For those who work at Cooper Nuclear Station in southeast Nebraska but live in Missouri, work is tantalizingly close, and yet so far away.
An onslaught of repeated flooding has made getting to work very difficult for those on the Missouri side of the state line.
“I bought a camper and lived on the Nebraska side,” David Montgomery, site VP coordinator at the nuclear station, said. “Then I started driving to work again when Route 2 opened.”
During the worst of the flooding, employees who lived in the Rock Port, Missouri, area were forced to commute through St. Joseph, then through Kansas and then into Nebraska. That’s a two and a half hour detour.
Now that floodwaters have somewhat subsided, employees can cross into Nebraska near Nebraska City. Still, that route is over an hour detour and unnecessarily crosses a state line.
The problem is U.S. Highway 136, which is currently closed. When the road is open, the commute from Rock Port to the station is about 10 minutes.
On Friday, repair crews could be seen working on about a 5-mile stretch of the road. Two concrete barriers block the Brownville, Nebraska, bridge, which is believed to be unaffected by the floods. The bridge is closed with signs on the Nebraska side. Apparently, abandoned river boats sit along that side of the river bank.
Photos provided by Cooper Nuclear Station show destruction surrounding the plant from spring flooding. In a video provided to News-Press NOW, a military helicopter is seen delivering what appear to be sandbags.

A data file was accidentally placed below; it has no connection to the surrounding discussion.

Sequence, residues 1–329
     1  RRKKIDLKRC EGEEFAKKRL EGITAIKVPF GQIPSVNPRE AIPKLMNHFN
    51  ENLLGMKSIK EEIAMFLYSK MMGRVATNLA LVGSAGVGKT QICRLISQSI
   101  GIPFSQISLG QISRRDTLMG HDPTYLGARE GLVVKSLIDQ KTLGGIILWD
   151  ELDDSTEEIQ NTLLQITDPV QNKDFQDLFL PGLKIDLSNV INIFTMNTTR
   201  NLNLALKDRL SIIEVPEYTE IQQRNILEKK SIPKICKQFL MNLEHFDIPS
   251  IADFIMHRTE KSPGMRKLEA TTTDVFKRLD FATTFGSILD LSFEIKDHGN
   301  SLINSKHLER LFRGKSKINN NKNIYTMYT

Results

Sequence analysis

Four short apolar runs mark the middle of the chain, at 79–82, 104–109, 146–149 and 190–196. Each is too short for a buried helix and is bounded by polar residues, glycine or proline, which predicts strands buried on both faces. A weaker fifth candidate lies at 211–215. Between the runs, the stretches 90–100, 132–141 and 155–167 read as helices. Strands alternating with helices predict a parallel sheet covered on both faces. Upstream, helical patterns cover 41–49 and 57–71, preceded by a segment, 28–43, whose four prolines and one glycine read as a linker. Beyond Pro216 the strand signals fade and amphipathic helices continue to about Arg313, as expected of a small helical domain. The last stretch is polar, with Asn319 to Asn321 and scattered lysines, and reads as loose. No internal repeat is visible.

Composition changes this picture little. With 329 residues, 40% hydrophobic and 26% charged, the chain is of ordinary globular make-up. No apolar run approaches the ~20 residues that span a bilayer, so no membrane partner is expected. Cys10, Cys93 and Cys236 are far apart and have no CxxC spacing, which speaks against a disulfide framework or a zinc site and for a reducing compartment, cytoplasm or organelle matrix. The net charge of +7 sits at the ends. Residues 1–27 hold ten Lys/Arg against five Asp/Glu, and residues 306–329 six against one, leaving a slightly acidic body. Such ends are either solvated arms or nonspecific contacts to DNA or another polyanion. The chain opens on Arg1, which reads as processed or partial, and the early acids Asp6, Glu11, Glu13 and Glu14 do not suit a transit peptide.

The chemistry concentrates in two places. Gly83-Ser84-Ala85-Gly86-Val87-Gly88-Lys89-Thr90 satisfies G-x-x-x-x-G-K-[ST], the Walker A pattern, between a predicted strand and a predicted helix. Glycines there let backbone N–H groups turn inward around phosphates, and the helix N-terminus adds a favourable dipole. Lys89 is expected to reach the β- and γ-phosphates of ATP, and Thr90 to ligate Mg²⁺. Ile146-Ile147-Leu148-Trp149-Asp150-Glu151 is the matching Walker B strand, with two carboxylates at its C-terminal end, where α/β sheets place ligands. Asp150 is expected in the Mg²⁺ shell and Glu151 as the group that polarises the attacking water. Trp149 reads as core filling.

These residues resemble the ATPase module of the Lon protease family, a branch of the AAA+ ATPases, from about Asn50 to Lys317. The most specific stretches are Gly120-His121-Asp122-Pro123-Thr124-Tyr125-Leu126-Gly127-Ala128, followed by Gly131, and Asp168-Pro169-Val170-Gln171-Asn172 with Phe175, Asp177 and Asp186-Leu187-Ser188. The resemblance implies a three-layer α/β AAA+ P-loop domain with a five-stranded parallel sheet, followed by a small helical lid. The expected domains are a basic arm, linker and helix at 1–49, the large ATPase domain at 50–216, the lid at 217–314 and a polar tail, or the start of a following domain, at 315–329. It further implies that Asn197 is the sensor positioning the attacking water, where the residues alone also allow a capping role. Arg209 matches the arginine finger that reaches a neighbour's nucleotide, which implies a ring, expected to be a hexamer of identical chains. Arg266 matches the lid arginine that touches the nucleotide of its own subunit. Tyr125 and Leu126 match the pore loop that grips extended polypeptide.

“You really feel sorry for the people who work at Cooper Nuclear,” Jim Clodfelter, president of the Rock Port Chamber of Commerce, said. “They had to drive clear to Omaha or clear to St. Joe just to get to their job.”
Haley Kingery, an executive administrative assistant who works at the plant, said the situation has been extremely stressful, especially as a single parent. She stayed with friends in Nebraska at times.
“I would go home on the weekends and do it all over again every week,” she said.
Plant officials said the plant was never in any danger, though some people were “sequestered” at times to keep the plant safe.
“We’re in the sixth month of this, going on seven,” Dan Goodman, a quality assurance manager, said. “It’s hard to stay positive but this whole event is out of our control.”
Clodfelter said the flooding hasn’t only impacted the nuclear plant, but plenty of other businesses. He said some gas stations have cut their hours because of a lack of traffic. A local campground also closed and doesn’t plan to reopen, he said.
According to the latest data from the National Oceanic and Atmospheric Association, the Missouri River is currently in a moderate flood stage near Brownville at just over 40 feet.
The river twice crested at top 10 levels this year, according to NOAA. In June the crest was listed at 39.45 feet. The record crest occurred on March 16 at 45.73 feet.